Tuesday, March 25, 2014

Translation - Rapid Reaction, the Focus of Future Wars: an Evaluation of NEZAJA Rapid Reaction Forces from the Sacred Defense to the Samen Plan

(emphasis added)

Title: Rapid Reaction, the Focus of Future Wars: an Evaluation of NEZAJA Rapid Reaction Forces from the Sacred Defense to the Samen Plan
Date: February 25, 2013 / Esfand 6, 1392
Source: AJA

Rapid reactions operations are a part of military missions in which a unit is capable of arriving at the mission area from any point in the shortest possible time with the required equipment, and are characterized by mobility and rapid movement. Abilities that, although used by NEZAJA in the past, are now universal in the new force structure, and is the first priority in all units. The Army, as the largest and most comprehensive defense force across our vast county, benefits from units that [are capable of completing a a variety of tactical and operational objectives during their missions]. 'Rapid Reaction' traditionally includes classic military programs and plans, which is seen in the Army's history. 'Rapid reaction' operations are as essential to the survival of a military force as water and air is for an organism... . With the changing nature of war and the emergence of asymmetric wars in the region during the recent decades, it is necessary, now more than ever, to review unit organization and a transform their objectives and structure[.] In addition to a number of NEZAJA units whose main missions were [already] rapid reaction, now all units have the power to perform any type of operation at any time and place.

Brig. Gen. Ahmed Reza Pourdastan, NEZAJA commander, says in this regard: “We in the military world have entered a new space, a space that has different threats from those of the past. We arrived at the conclusion that we could not compete in the asymmetric space given our previous structure, equipment, and tactics. ... [in the region], we have witnessed a confrontation [between] a high-technology country and an inferior-technology country. If we want to compete in this space, we must change our structure, organization, and planning. Previously, NEZAJA units were deployed against threats from Iraq's Baathist regime in the west and the south west. But in an asymmetric space, it is possible to be attacked from two or three fronts simultaneously. Therefore, there was a need for our units to have a presence on all the borders. We changed this distribution of units so that units have flexibility and high [unclear/radiancy]. We have established that units have sufficient mobility and self-sufficiency. They do their jobs very quickly. Because we have a need for high mobility in asymmetric spaced, units are brigade-centric so that they can quickly command and take action.”

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The NEZAJA commander's statement verify that with the unit's new structure and composition, they can perform rapid response operations in any area, and that they have [received] the necessary training, armament, and weaponry.

[Looking back at the NEZAJA in the Iran-Iraq war], we find that during the first hours of the Baath regime's invasion, the first NEZAJA units that blocked the enemy's advance were 'rapid reaction' units. At the start of the invasion, after only a few hours [in which the only fighting was by locally-deployed units], the rapid reaction of NEZAJA was observed, in which [units] arrived at the front from other parts of the country many kilometers away ... .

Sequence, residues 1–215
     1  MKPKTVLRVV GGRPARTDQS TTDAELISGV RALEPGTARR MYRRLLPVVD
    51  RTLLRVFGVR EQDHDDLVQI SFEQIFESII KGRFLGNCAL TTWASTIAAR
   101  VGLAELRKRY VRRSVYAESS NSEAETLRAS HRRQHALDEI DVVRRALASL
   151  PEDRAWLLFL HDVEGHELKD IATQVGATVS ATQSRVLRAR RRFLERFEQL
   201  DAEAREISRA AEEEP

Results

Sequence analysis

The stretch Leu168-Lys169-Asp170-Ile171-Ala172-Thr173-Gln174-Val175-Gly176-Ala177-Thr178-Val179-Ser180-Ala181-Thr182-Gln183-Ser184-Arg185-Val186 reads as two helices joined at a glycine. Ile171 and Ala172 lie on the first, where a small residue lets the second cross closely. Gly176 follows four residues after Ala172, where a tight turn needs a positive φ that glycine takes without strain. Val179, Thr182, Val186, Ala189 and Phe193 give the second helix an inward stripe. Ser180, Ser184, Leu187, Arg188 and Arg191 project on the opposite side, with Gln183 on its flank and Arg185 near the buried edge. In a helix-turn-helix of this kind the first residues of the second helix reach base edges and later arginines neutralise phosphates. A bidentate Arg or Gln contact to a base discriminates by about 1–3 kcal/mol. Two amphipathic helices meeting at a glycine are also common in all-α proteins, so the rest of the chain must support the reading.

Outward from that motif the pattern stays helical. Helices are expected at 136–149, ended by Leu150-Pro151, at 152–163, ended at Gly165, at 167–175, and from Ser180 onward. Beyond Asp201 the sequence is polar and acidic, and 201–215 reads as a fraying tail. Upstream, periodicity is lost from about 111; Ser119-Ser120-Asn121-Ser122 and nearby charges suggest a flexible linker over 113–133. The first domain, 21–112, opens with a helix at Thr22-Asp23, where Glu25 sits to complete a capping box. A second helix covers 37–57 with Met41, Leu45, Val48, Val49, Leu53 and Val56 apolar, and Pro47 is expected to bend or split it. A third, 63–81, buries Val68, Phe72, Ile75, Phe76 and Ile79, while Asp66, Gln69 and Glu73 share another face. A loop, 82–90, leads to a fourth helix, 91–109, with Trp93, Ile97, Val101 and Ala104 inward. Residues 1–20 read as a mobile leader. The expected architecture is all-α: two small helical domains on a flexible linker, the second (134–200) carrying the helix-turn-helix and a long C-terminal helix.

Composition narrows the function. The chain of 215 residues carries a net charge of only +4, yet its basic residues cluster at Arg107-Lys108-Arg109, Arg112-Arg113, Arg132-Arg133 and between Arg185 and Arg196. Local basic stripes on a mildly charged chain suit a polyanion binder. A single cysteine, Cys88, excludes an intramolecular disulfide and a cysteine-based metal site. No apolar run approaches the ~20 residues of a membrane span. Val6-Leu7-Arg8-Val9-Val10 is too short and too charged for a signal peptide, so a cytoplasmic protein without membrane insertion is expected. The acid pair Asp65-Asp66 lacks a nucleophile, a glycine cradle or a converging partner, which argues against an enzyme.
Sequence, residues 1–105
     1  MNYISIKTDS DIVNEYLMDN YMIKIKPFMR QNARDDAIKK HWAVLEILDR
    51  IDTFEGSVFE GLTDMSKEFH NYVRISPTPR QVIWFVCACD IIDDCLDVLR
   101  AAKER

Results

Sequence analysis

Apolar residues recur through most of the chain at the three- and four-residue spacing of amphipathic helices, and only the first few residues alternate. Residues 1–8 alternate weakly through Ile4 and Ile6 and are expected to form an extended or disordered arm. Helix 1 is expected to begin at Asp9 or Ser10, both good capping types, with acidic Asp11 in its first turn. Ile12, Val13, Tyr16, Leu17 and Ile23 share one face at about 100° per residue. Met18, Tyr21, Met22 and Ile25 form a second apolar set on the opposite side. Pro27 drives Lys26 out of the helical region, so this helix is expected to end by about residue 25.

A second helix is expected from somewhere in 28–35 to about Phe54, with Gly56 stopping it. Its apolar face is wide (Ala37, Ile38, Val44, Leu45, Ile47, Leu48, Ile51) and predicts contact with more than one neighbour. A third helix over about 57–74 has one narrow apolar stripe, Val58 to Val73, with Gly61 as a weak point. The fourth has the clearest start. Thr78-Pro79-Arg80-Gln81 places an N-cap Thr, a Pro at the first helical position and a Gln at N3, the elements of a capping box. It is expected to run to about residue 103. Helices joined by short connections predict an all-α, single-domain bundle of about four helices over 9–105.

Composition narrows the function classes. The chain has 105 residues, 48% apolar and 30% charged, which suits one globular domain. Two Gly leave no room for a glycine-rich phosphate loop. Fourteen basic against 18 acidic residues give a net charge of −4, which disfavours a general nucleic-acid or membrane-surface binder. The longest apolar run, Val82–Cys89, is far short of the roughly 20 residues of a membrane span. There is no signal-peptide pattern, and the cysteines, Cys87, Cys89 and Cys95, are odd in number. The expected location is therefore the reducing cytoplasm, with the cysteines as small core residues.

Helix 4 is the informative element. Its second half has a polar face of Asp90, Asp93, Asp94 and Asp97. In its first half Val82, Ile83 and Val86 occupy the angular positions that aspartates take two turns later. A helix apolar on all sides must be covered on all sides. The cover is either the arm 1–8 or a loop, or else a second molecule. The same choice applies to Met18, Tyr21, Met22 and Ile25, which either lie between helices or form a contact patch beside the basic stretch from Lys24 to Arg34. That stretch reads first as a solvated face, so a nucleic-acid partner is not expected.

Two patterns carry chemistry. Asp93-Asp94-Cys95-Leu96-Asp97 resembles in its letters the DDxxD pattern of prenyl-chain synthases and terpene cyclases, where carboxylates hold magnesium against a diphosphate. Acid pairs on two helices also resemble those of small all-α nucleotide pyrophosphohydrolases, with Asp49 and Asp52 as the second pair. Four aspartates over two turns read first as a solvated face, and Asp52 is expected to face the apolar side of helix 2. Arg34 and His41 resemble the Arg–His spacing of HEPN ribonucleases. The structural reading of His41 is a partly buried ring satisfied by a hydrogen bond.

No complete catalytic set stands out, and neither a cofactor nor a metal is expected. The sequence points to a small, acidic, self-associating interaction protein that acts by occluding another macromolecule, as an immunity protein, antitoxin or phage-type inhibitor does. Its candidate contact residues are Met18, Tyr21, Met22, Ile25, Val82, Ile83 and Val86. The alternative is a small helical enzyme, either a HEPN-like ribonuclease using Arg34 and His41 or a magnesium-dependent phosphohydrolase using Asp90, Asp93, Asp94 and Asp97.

General Pourdastan also specified: With the objective that units are able to be completely self-sufficient from headquarters and confront threats independently, we created five regional headquarters in the north-east, south-east, south-west, west, and north-west, and we designed the structure and organization of these headquarters to be self-sufficient in confronting threats, and not to need equipment from the outside. These HQs have both support and transport units, as well as hospitals, and all of the structure and organization required for an independent and self-sufficient unit. The structure is also lighter, so that they have more flexibility. With this objective for our units settled, we have designed, developed and implemented exercises on this basis. We have also [unclear] the type of tactics for employing weapons. The first and second Gulf Wars, and the Afghanistan war were good lessons for us to acquire the capabilities of trans-regional forces, and create these capabilities for ourselves in a confrontation with them.

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Brig. Gen. 2nd-Class Khosravi, commander of the NEZAJA's 65th Special Forces Brigade said that units and subordinate forces including infantry units (?) are trained and always ready : … the 65th brigade is one of the special units whose diverse skills and expertise [means that] they are used in sensitive and special missions, which other members of the armed forces could not complete. Geographical location, weather, terrain conditions, night or day, none of them affect the mission because these forces have all the necessary training to do battle in mountains, forest, desert, on skis, by diving, or by parachute, and besides that, all of them have special skills according to their operational unit.